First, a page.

“You’ll go way under, like when dad plunged you the other day. Then you’ll have to pop up and swim to the ladder quickly.” This usually deters him. Not yesterday.
He went off and it was one of those moments of triumph for both of us. His face went through quick stages of shock, joy and finally pride. I nearly wept.
The Girl decided she was not to be left behind. She got up there. Marched to the front. Took one look down. Turned around and marched right back down. Classic. I recognized that fear response.
I first told her she didn’t have to jump. Then I told her she was probably never going to have a first time where she wasn’t scared. Whenever she decided to try, she would just have to close her eyes and take the leap. Much to my surprise, she got right back up and went for it. Her reaction was the same except that after a few jumps she came walking toward me and burst into tears exclaiming, “I have no idea why I’m crying.” I recognized this burst of emotion that I am afraid I passed on to her. I am not a big cryer, but I have been known to inexplicably shed a tear or two when I get so overwhelmed I’m not sure how I can hold anything in anymore. Coming from an adult woman it’s pretty funny, from a little girl-adorable.
Tears or not, I was one proud mama on the pool deck. What a high it is to see your kids tackle a challenge. I instantly ran (ok walked, I know the pool rules!) and texted the proud papa the news. He is as invested, if not more, in their swimming as I am. He’s logged in more than a few hours teaching all three and unlike me he has refused to give up hope that he’ll be timing at a swim meet before long.
He was thrilled and also sad that he missed it. I felt terrible. I have to admit when The Middle One first asked the question my thought was to stave him off until the weekend so The Husband could be there. Alas, I could not and his dad missed this big moment. I am sure they both would have preferred it another way.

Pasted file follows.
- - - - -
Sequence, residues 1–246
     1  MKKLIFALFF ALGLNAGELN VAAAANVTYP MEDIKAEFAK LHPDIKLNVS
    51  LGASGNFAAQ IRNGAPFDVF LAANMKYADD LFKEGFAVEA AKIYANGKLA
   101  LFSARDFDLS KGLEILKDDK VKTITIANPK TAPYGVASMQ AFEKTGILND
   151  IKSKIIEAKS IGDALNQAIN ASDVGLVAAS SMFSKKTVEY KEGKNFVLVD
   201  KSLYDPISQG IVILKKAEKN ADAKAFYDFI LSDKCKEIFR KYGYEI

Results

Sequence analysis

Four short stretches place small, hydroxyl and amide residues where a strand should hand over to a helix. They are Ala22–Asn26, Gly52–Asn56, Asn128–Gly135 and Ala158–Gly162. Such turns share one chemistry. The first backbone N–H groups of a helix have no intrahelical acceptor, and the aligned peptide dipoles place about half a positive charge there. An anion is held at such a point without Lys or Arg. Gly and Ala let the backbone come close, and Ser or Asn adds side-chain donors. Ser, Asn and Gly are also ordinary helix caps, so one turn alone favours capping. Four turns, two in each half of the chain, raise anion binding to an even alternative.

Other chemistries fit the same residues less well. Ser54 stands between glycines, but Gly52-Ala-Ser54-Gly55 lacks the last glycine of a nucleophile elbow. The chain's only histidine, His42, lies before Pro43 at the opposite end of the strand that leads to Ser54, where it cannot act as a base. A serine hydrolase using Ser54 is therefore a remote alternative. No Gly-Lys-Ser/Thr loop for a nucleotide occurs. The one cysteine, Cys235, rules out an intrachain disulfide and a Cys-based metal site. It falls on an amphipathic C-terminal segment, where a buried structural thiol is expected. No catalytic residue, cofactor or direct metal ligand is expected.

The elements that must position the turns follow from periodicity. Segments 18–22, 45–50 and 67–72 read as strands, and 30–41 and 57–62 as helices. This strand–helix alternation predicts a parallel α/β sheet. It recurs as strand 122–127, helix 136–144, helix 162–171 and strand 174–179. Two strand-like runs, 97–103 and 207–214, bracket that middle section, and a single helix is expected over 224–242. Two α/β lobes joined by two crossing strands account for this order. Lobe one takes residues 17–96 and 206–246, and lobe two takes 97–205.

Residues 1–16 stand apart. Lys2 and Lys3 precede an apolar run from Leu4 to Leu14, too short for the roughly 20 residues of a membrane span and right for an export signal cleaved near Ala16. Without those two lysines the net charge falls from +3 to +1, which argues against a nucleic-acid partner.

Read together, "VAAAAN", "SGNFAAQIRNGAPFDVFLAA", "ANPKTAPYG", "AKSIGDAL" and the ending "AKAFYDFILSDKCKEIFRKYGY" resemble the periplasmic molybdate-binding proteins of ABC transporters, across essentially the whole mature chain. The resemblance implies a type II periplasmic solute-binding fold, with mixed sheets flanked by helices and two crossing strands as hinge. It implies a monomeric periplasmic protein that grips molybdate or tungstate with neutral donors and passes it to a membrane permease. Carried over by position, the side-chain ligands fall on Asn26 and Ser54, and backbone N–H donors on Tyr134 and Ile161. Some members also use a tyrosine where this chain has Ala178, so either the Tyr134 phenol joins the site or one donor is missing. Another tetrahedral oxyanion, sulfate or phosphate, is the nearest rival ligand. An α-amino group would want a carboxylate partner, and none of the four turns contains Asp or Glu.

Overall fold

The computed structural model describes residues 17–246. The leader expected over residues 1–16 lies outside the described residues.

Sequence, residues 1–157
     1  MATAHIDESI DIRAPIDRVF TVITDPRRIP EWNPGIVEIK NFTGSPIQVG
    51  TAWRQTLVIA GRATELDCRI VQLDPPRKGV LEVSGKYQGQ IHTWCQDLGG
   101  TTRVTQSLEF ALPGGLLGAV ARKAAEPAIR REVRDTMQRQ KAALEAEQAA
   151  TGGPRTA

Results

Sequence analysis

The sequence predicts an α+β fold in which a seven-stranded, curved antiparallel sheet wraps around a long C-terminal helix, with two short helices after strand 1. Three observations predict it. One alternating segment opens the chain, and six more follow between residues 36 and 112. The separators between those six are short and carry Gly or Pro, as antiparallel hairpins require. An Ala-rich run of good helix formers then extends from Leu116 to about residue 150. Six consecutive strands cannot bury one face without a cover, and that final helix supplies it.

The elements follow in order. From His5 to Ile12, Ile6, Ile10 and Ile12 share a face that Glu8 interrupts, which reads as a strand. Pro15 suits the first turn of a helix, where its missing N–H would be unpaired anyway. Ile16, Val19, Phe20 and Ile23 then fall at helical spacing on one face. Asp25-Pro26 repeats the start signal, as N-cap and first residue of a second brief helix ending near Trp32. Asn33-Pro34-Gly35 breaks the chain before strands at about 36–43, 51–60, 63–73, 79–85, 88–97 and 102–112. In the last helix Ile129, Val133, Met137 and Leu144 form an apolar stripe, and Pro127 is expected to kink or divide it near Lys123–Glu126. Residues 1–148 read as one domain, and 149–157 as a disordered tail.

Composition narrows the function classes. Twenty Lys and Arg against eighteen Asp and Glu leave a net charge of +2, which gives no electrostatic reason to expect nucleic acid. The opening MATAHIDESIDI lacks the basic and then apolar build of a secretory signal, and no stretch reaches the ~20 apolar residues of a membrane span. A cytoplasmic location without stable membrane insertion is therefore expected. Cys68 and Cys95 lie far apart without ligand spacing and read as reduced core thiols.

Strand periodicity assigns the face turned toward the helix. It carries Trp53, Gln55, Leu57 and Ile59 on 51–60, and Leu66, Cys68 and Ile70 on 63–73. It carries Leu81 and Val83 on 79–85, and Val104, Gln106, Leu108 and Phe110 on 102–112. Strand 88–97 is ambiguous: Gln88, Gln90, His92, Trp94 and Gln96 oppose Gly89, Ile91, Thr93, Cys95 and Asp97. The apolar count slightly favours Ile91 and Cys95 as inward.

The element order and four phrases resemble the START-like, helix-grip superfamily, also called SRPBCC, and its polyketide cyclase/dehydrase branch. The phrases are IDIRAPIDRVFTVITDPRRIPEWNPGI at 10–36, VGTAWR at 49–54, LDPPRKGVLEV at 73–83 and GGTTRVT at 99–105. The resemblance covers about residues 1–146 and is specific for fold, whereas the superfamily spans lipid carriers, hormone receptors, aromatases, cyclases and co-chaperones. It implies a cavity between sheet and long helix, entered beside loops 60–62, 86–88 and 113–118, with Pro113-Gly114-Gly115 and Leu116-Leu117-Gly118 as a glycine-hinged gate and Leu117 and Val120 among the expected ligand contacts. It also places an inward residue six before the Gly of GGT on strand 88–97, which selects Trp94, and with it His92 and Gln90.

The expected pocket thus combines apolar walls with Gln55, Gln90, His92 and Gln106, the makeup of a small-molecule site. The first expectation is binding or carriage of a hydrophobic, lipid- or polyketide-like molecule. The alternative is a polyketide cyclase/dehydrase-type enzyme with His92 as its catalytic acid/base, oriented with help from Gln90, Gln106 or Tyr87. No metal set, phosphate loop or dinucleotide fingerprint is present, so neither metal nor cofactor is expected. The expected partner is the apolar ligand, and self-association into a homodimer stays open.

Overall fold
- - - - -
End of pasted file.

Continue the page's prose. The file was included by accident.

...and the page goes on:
I give The Husband a hard time (mostly in my own head) about not being around much. I forget that even if sometimes I think he has it better, going to a “real” job in the city every day, he actually feels the loss when he misses things here. I need to acknowledge that more. I need to thank him for leaving every day to work so hard for us. Of course he gets personal benefits from his job, but he also works for us. He, like most men, inherently wants to provide-not just financially but as a role model of hard work and success. No matter how little they see him, my kids know their dad has them first in his mind all the time. They feel his love and the desire he has to make their lives better. My husband is my kids’ hero. I could learn a thing or two from them.
I need to be less, I am woman hear me roar and more thanks for your help and support honey. We need you.
Yesterday, after The Big Dive, my heart hurt for him. I told him so via text messages. The following exchange (every word of it) is why I adore him so.
Husband: These are the times when I really hate work. Please keep them up. My train is late but I should be home by 8:15.
Me: Of course I will
Husband: Thanks (then, in another text as if he had time to reflect and this is what he came up with)
Husband: Congrats to you too for nuturing this. You are amazing with them and a role model for me.
I mean c’mon who doesn’t dream of having their husband tell them that? It makes all the hours of frustration and Playdoh under my nails totally worth it. But wait-that’s not all.
Husband: Nurturing, not NUTuring. That’s probably something entirely different.:)
Me: Although possibly more accurate of what I do.
Husband: Moms Nuts
AAH yes, there he is. Back from the brink of kind and gentle and returning to his silly self. That is more like it.
We are some lucky divers to have that man as our Life Guard.
P.S. Looking for more parenting guidance and tips for self-care? Check out From Chaos to Calm a guided training to help you feel better in this tough season.